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Philippe Piat, the president of the French professional footballers’ union (UNFP), who is also vice president of FIFPro and president of FIFPro Division Europe doesn’t mince his words in an interview with Belgian magazine Sport.

 

'The social dialogue has finished. Our relations have been getting worse ever since the clubs became financial companies, and since the crisis arrived...’:

 

Philippe Piat, President and emblematic figure of the UNFP (Union Nationale des Footballeurs professionnels), the powerful union that was established in 1961, welcomed us at his home in Dijon.

 

French football has some troubles. A little more than a year after the Nicolas Anelka affair, the strike by the French national team in South Africa, and the departure of Raymond Domenech, storm clouds are now gathering at Paris Saint-Germain. Lightning has struck there several times since Colony Capital sold the club to the Qatar Investment Authority under Sheikh Tamin Bin Hamad Al-Thani, Crown Prince of Qatar. The club based at the Parc des Princes has been shaken by other storms as well - the defenestration of trainer Antoine Kombouaré (after he’d taken them to the top of League 1!) and his replacement by Carlo Ancelotti, and the matter of Péguy Luyindula (who had been training alone since the beginning of the season, until his contract was terminated on January 18th).

 

There’s plenty there to worry or irritate Piat, even though he’s seen a lot more: ‘When I look at what’s happening, I can’t be optimistic.’ In 1961, at the end of a long struggle, players rose up ‘to give football back to the footballers’, as Piat puts it. But will their achievements withstand the shifting and drifting of high finance, the overcrowding of calendars, the power of players’ agents, the corruption that rigs matches, not just to get big winnings for forecasters, but also to showcase mediocre players?

 

Aren’t clubs more and more setting up smoke and mirror systems to regulate transfers to suit their own convenience?
Philippe Piat: Yes, that’s obvious. It has always been clear to us that it’s players who should pay their agents. But what happens at present? The clubs handle the remuneration for this work and frequently give too much commission to agents, some of whom hardly know the players concerned but turn up at the last minute at the club’s request. Heaps of things can happen, with back-handers at stake or bonuses for other services, like the departure or arrival of other footballers. A player who pays his agent will never offer him 500,000 euros for a transfer if he’s done nothing. Players should nevertheless be asked to agree in principle to the club’s paying a commission, and should know the size of it.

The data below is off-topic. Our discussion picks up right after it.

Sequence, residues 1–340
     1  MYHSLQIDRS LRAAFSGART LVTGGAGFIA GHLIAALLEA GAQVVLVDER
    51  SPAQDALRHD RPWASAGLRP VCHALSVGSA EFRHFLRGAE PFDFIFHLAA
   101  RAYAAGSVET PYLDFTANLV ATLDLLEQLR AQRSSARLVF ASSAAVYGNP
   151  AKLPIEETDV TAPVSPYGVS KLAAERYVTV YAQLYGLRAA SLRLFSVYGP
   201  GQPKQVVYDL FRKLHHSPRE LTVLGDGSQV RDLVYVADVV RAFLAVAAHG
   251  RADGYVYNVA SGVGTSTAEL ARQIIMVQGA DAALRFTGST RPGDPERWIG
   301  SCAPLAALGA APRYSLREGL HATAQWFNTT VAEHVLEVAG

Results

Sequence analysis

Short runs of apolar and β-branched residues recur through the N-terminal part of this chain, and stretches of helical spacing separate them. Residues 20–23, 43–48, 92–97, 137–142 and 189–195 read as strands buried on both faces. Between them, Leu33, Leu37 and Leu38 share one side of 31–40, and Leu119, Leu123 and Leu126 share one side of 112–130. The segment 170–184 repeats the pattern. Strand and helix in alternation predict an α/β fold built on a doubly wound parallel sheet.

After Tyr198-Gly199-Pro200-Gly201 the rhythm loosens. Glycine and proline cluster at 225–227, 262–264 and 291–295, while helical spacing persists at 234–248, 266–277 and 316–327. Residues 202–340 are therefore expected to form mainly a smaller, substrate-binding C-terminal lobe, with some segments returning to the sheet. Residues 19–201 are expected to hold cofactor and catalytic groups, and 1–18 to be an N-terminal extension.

It was to avoid this that they set up their smoke and mirror systems, right?
These tricks clearly suit some clubs. I remember a FIFA meeting that was aimed at limiting agents’ commission to 3% of the transfer fee, with a ceiling of one million dollars. The clubs were the applicants but, strangely, they then talked about a limit of two million dollars. As a FIFPro representative I didn’t understand this, for it was a strange way to reduce the agents’ commission. The whole thing collapsed, because everybody had a different opinion: FIFA, UEFA, the clubs, the European Union, the players. At the last meeting of the LFP (Professional Football League), Jean-Michel Aulas, the President of Lyons, said, Piat has been pushing his solution regarding players’ agents for ten years, and I’m beginning to think he’s right.

 

 

Won’t individualism kill football?
Our union is attentive to this problem. There is no more respect for the validity of contracts. A club and a new trainer will sometimes ditch players who no longer fit in with a system. Some footballers, not being any stupider than they are, go as far as to imitate that dodge when they want to leave before the due date. I’m pessimistic about the future, and it’s these economic factors that have put us where we are. Players and clubs are increasingly going to court, and this is dangerous. Club presidents are pressing for the abolition of the winter layoff. But that rest period is indispensable for the players: it’s the only time they can dedicate themselves to family life and enjoy their children’s company. And these executives call us reactionaries...

 

The winter transfer window doesn’t leave you cold!
Regarding the winter transfer window, the UNFP wants to limit purchases to a single player per club. As well as moderating agents’ commissions, this would contribute to improving relations between clubs and players. Business sets the tone, but how the notion of a group has changed since my time as a player! It’s an entire team, or almost, that’s brought up at every meeting. At one time, the bench didn’t exist. The twelfth man was shown on the referee’s list, so he could warm up if he had to substitute for an injured player. The frustration of those who were ‘eliminated’ was worse than it is today. I’m not opposed to money, far from it, and if I need to quote an example I’ll mention Lille. Rudi Garcia has built up a team that has no big names. The starring figure is the whole team, and you can’t buy that during the winter transfer window.

 

Are players still slaves?
Raymond Kopa coined that phrase in 1963. His criticism hit home but, in legal terms, players are still slaves. At Paris Saint-Germain, the labour law question can’t be a major concern for the Qataris, although the rules have to be respected. Unbearable pressures had been applied there to sell Luyindula. As far as he was concerned, he only wanted to stay until the end of his contract. It should be possible to penalize a club that doesn’t want to comply with the decision of the League, which has requested the reinstatement of the player in the pro group. This too is one of the UNFP’s battles. Kopa was right, and he is still right.